G20: ‘Crypto-Assets Can Deliver Significant Benefits’
On July 21-22, the Finance Ministers and Central Bank Governors of G20 countries met in Buenos Aires. Despite failing to come to definitive conclusions, the leaders of the world’s top economies expressed their seemingly positive yet fairly contained opinion of cryptocurrencies.
Bullish, Yet Careful
According to the latest report from the meeting in Buenos Aires, cryptocurrencies and their underlying technologies can potentially improve the efficiency of financial systems. States the report:
Technological innovation, including that underlying crypto-assets, has the potential to improve the efficiency and inclusiveness of the financial system and the economy more broadly.
The focus, however, is quickly shifted away from the potential advantages of cryptocurrencies towards their purported usage for illicit activities. The report reads:
Crypto-assets do, however, raise issues with respect to consumer and investor protection, market integrity, tax evasion, money laundering and terrorist financing. Crypto-assets lack the key attributes of sovereign currencies. While crypto-assets do not at this point pose a global financial stability risk, we remain vigilant.
It’s noteworthy that numerous official, state-issued reports have already shown that cryptocurrencies have negligible usage in criminal activities — especially when compared to traditional fiat currency.
The UK National Crime Agency (NCA) assessed “the risk of digital currency use for money laundering to be relatively low.”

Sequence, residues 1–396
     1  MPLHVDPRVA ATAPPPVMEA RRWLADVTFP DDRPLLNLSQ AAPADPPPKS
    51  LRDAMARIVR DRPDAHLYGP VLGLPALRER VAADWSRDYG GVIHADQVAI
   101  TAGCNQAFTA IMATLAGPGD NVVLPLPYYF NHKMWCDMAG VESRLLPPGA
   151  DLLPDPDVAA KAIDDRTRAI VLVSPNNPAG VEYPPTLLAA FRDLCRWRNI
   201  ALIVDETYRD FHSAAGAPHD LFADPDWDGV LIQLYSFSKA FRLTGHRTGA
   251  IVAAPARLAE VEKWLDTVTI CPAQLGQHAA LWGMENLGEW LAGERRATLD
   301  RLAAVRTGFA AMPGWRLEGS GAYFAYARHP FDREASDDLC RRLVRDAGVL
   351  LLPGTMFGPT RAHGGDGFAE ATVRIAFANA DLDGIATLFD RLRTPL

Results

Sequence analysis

A recent report from Hong Kong’s Financial Services and Treasury (FSTB) showed that cryptocurrency is not a threat and is left out of organized crime.
Furthermore, Quebec’s Government even said that Bitcoin’s usage for illicit activity has been declining over the years.
Passing to FATF
Speaking on matters of regulation, the G20 leaders reiterated that they are expecting the Financial Action Task Force (FATF) to develop guidelines — as well as recommendations — for preventing tax evasion, terrorist financing, and international money laundering, by October 2018. The international anti-money laundering agency was tasked with this in June.
We reiterate our March commitments related to the implementation of the FATF standards and we ask the FATF to clarify in October how its standards apply to crypto-assets.
It’s noteworthy that the current rules, set forth in 2015 aren’t binding – makes enforcement inconsistent and challenging. A clear sign of this is that 68 percent of cryptocurrency exchanges fail to comply with basic KYC requirements.
Complications May Arise
It seems as if the G20 is ready to act on the recommendations which are to be provided by the FATF in October. It’s therefore important to note that the road might be bumpier than expected.
The president of Brazil’s Central Bank, for instance, stated that the country won’t be regulating cryptocurrencies.
Mark Carney, governor of the Bank of England, has attested his fairly negative stance on cryptocurrencies, saying that they facilitate a “huge amount” of illicit activities, despite the reports of his country’s NCA.
Nevertheless, the G20 appears to be taking a fairly proactive approach towards regulating the nascent technology.
What do you think of G20’s position on cryptocurrencies? Don’t hesitate to let us know in the comments below!
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